Moshe Katsav - Alon Ron - 22.3.2011
Ex-president Moshe Katsav in Tel Aviv after his sentencing, March 22, 2011. Photo by Alon Ron
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Former Prime Minister Moshe Katsav appeared out of control as his seven-year sentence for rape and other offenses was read out loud in court yesterday, interrupting Judge Judith Shevach with exclamations like: "You're doing an injustice. The ruling is wrong! You've let a lie win!"

Katsav refused to heed those attempting to hush him and continued with his outburst, shouting: "The girls know that they lied! They know that they lied!"

When he directed his plea to Tel Aviv District Court Judge George Karra, the only male of the three judges on the bench, Karra told him in a quiet voice: "Sir, there is a way to file an appeal."

But Katsav wasn't done, and accused Karra of keeping him from mounting a full defense.

"You didn't let me bring witnesses, sir," he said. "You didn't let me give you exhibits. You didn't let me! You shut me up during the whole trial! Did you let me defend myself? You didn't let me."

Shevach resumed her reading of the sentence and one of Katsav's lawyers, Zion Amir, tried to calm him down. But there was more to come.

When Shevach finished reading the sentence and the court began discussing how long Katsav would have before he has to start serving time, he said the entire court transcript should be published, not a redacted version as the judges had ruled.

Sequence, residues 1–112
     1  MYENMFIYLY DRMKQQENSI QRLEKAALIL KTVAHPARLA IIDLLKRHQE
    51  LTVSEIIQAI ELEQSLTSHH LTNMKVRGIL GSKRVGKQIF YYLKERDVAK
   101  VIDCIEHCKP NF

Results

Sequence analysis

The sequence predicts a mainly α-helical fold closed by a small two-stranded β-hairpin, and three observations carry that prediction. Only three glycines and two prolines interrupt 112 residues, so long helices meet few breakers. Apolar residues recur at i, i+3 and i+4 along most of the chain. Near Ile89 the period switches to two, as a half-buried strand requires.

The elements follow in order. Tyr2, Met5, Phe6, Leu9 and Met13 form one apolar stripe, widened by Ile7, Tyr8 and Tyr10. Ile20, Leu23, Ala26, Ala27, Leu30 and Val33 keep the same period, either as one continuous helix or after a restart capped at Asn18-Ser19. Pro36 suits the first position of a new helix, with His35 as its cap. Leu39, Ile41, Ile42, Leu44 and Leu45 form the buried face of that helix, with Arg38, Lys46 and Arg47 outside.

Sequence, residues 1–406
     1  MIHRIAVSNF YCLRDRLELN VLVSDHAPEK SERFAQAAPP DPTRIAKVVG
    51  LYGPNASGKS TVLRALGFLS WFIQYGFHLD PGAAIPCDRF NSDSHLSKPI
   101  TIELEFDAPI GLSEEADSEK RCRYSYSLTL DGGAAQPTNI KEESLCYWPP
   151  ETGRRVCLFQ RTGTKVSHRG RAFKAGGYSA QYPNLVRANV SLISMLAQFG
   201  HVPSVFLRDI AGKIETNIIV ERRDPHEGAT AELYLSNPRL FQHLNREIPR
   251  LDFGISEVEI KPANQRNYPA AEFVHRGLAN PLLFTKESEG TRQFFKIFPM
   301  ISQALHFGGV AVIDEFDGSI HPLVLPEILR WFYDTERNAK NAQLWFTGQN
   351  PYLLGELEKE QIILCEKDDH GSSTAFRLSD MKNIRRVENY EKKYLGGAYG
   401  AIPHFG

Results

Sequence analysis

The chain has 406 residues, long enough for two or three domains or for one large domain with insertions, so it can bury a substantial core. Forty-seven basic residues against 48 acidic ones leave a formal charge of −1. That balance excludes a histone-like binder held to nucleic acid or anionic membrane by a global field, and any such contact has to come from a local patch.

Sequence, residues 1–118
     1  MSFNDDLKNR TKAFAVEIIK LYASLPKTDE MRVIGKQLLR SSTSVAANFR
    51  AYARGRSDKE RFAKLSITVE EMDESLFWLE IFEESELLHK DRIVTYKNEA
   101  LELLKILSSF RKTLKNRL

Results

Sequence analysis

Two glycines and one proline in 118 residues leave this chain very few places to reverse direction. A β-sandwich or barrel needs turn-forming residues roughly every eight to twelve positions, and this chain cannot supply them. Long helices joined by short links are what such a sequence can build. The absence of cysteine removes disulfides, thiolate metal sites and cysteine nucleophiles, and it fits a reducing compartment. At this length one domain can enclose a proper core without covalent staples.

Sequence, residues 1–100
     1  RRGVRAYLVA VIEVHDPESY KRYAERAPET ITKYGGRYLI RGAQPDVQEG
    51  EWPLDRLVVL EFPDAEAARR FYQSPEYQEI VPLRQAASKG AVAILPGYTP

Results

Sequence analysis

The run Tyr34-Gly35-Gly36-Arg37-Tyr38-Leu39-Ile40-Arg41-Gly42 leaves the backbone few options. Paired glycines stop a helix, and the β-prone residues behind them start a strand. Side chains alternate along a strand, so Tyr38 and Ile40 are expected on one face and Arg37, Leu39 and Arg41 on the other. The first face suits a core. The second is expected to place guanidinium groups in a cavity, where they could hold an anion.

"Every month they're going to release one section?" he said to his lawyer. "Let them release all the transcripts at once! Let them remove the names of the girls, but they should release it!"

The court announced several weeks ago that it would release most of the transcript, though not the names of the complainants, after the sentence was handed down. The judges did not agree to a request by journalists to be allowed to examine the investigative material in the case.

After the hearing, Amir told reporters the public outburst was the first time Katsav has spoken out since the trial began.

"Everyone who was there was able to understand that this is the first time Katsav has said anything in the past two and a half years," said Amir. "Here stands a man who wants to bring before the public the investigative material. It's worthwhile that the public sees it."

Avraham Lavie, who also represents Katsav, indicated an appeal was forthcoming.

"This is one of the most one-sided rulings there has ever been in the State of Israel," he said. "Let's hope that the Supreme Court will pay attention."